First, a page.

6 calming games to play if you’re stressed

Feeling a bit overwhelmed? Here are 6 great games to play if you're stressed.
melatonin - games to play if you're stressed

It’s safe to say we’re not starved for stressful content these days. In moments we’ve reached our inevitable intake peak, and respite becomes a pressing need, sometimes the best thing we can do is tune out and plug in with an old, reliable comfort game.  

Gaming will continue to be a fantastic outlet for stress and rage relief, and has been proven to provide real psychological and cognitive benefits when combined with informed practices like art therapy. So, here are seven games to play if you’re stressed.

If this list doesn’t resonate with your preferred play-style, don’t stress. You can also check out our list of games to play when you’re feeling overwhelmed for some alternative suggestions, or games to help curb your doomscrolling habit if it’s a healthy distraction you seek.

Flower screenshot - games to play if you're stressed
Image: thatgamecompany


Flower is a meditative title that I would highly recommend for times when existing becomes exhausting. Its immersive, true-to-nature sound effects create a gorgeous atmosphere as you use your environment to guide petals through the wind, sparking plant life around you to bloom with colour. 

It’s a game that feels incredibly relaxing to play, and leaves you with a positive aftertaste in its short and sweet two hour runtime, as you work to bring life to a previously gloomy field. Developer thatgamecompany are absolute pros at delivering abstract experiences that touch on wider themes, creating successful titles like Journey and Flow which hinge on similar calming gameplay.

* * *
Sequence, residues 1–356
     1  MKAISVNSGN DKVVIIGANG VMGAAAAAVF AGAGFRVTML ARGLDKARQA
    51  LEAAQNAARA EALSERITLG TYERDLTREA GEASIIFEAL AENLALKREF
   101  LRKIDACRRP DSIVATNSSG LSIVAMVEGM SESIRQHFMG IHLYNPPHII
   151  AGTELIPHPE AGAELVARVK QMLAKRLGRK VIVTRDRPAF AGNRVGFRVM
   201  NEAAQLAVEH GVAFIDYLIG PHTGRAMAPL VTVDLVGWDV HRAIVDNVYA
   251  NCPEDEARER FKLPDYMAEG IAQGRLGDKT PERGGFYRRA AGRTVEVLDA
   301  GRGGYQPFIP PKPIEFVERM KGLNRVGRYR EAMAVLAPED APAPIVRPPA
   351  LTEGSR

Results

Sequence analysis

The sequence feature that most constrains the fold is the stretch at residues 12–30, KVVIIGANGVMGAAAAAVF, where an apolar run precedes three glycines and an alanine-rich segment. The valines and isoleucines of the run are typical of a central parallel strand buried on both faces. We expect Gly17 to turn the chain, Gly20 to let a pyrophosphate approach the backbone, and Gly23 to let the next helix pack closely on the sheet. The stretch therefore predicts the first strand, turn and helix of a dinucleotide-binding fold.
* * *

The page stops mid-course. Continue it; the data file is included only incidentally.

Nature has no rhyme or rhythm. In stressful times, be a petal in the wind. 

unpacking game igea australian games development survey games to play if you're stressed
Image: Unpacking / Witch Beam


Unpacking is a wholesome zen puzzle game about uncovering a life through sentimental household items.  I will never forget the audible gasps heard throughout the PAX AUS 2019 Indie Showcase when it was revealed you could indeed flip the toilet roll both ways.

This early gameplay reveal was such a testament to what fans of the cosy genre appreciated about the game as a whole – a celebration of small moments shown through uniquely human game design. 

Its narrative is communicated through changes to your surroundings as you unpack boxes across eight important house moves. This kind of gentle, environmental storytelling invites you to take your time, unpack slowly, while solving block-fitting puzzles – sitting comfortably with the deeper takeaways from the game.

Read: Video games are the new art therapy

zelda breath of the wild switch 2
Image: Nintendo

The Legend of Zelda: Breath of the Wild 

As far as newer Zelda instalments go, The Legend of Zelda: Breath of the Wild has managed to stay on my gaming rotation well beyond its initial release.  

While the higher stakes of the main story loom over Breath of the Wilds’ vast open world, it is so easy to get lost in the smaller moments this game has to offer. Whether you want to spend time experimenting with recipes, tackling smaller side quests, collecting Korok seeds, or simply taking in the scenery whilst dormantly paragliding, there is such a genuine sense of discovery that bleeds through this title.